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Saturday 23 August 2014

Archbishop asks forgiveness for child sex abuse priests

John Cooney

Published 11/04/2009 | 00:00

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THE Catholic Archbishop of Dublin Diarmuid Martin yesterday called for God's forgiveness of priests who have abused children.

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It was his second reference during Holy Week to the scale of the child abuse which is expected to rock the Dublin diocese to its foundations when it is revealed in a report next month.

The Archbishop made his remarks as he led the Good Friday Way of the Cross procession in Dublin's Phoenix Park.

At the Chrism Holy Thursday Mass, he predicted that a shocking report by the Commission of Investigation into clerical sex abuse in the Dublin archdiocese would reveal that thousands of children were abused by priests in the 30 years from 1975 to 2004.

Yesterday, Dr Martin mentioned indirectly the biggest scandal in the history of the Dublin diocese, when he prayed to the Lord to be merciful towards those who had in any way abused the authority and trust placed in them.

"Restore and heal all who have been abused or betrayed," he added.

"Restore relationships of integrity and respect and truthfulness."

Dr Martin also prayed for the 300,000-plus people who have lost jobs, homes and security in the recession, and called for a renewal of Irish culture and society which would be rooted in "a spirit of solidarity and responsibility and care for others".

In brisk but occasionally sunny weather, Dr Martin joined over 1,000 pilgrims to walk behind a cross-carrier from the Wellington Monument to the Papal Cross, in commemoration of the passion and crucifixion of Jesus Christ.

This was the seventh annual silent procession in the Phoenix Park organised by the Italian spiritual movement Communion and Liberation, which is staunchly supported by the former Vatican diplomat.

Reflections

Stopping at five stations on the way for prayer and hymn singing, Dr Martin, dressed in his ceremonial vestments and wearing a biretta, delivered a serious of reflections re-enacting Jesus's suffering .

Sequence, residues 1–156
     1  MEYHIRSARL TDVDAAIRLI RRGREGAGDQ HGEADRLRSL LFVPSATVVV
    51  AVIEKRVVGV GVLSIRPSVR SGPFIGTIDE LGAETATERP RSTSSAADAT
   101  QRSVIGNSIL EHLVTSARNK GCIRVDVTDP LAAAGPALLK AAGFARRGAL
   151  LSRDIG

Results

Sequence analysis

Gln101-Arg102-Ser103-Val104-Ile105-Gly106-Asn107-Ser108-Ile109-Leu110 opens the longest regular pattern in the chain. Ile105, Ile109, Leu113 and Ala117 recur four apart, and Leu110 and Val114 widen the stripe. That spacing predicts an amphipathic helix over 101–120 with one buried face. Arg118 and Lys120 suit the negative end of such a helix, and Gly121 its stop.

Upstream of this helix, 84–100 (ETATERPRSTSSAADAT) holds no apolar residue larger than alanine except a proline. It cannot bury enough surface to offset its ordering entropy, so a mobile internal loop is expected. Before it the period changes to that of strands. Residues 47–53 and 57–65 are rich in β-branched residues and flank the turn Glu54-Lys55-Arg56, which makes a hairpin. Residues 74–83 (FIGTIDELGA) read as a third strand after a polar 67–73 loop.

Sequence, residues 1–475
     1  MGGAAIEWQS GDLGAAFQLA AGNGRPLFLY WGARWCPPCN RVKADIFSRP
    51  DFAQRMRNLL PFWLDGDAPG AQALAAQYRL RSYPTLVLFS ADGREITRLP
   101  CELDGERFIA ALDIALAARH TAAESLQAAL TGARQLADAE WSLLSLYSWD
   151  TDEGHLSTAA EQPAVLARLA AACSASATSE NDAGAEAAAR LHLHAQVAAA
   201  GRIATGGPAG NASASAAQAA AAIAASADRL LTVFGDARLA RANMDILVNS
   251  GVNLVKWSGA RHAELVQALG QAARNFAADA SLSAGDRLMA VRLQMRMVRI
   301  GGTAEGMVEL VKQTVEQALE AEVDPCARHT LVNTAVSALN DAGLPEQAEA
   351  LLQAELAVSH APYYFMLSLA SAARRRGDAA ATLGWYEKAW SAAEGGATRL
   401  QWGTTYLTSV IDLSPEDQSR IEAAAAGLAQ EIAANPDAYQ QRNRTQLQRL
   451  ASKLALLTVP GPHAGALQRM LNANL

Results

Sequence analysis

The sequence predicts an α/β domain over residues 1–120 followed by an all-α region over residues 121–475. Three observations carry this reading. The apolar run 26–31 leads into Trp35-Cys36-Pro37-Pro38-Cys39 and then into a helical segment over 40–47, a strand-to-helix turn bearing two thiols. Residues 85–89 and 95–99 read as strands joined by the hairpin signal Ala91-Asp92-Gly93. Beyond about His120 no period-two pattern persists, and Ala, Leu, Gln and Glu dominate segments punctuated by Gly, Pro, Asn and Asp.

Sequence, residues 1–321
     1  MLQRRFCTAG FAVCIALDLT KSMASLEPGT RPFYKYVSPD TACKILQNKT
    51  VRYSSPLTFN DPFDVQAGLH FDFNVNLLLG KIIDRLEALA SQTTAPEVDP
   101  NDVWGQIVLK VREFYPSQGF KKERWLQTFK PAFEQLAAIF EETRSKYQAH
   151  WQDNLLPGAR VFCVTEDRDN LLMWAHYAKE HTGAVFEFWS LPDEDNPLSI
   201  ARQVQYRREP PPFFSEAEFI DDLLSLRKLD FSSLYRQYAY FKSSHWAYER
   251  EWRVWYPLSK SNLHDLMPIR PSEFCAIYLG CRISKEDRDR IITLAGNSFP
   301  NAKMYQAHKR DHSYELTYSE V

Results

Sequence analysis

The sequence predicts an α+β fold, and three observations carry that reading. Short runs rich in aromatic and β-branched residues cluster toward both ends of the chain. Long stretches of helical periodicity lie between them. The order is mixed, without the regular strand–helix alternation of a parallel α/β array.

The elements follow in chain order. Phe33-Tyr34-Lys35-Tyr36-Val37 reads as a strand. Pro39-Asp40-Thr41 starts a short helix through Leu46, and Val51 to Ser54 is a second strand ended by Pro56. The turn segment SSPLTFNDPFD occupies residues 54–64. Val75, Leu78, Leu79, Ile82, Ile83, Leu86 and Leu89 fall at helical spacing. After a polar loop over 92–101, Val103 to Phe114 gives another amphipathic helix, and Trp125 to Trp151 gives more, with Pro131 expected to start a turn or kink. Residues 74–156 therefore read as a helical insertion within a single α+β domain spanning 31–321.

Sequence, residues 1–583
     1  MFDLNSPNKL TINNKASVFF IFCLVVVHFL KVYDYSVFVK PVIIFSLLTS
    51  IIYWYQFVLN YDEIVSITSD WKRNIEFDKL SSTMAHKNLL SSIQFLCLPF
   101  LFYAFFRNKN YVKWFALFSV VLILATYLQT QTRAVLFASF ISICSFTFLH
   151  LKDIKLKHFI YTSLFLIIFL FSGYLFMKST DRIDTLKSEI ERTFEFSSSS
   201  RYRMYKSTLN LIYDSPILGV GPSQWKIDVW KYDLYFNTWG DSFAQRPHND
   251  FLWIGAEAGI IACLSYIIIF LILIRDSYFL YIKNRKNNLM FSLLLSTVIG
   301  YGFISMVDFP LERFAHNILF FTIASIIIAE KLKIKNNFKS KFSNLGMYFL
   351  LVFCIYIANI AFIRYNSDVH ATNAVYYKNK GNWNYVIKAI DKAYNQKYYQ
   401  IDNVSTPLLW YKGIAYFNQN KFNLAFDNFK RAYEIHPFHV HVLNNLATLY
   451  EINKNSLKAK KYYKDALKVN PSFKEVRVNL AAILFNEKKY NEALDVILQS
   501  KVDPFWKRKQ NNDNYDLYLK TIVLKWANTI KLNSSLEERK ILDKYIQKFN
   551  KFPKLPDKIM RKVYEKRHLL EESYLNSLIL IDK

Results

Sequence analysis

Dr Martin reminded the pilgrims that they were commemorating the Way of the Cross, but not in the manner in which they would read a history book or watch a documentary.

"No, you and I are called to follow the same path as Jesus did, to take part in the same path, to be challenged in the depth of our being and activity by the same Way of the Cross with all its mystery," he said.

During each of these five scripture reflections, the archbishop related the events of 2,000 years ago to current events and preoccupations, ranging from prayers for peace, a caring society, church renewal to idealism in the younger generation and the remembrance of the victims of the earthquake in L'Aquila in Italy.

The Dublin diocese reported last night that large congregations attended St Mary's Pro-Cathedral for three different ceremonies to mark Good Friday.

Particularly popular was the noon service, at which the Stations of the Cross were dramatised with music.

The traditional 3pm service of the Solemn Celebration of the Lord's Passion was led by Auxiliary Bishop Eamonn Walsh, with music sung by the Palestrina Choir, including Allegri's 'Miserere'. Last night a service of 'Prayer around the Cross' was held on the model pioneered by the French monastery in Taize, offering contemplation on life today to the Passion of Christ.

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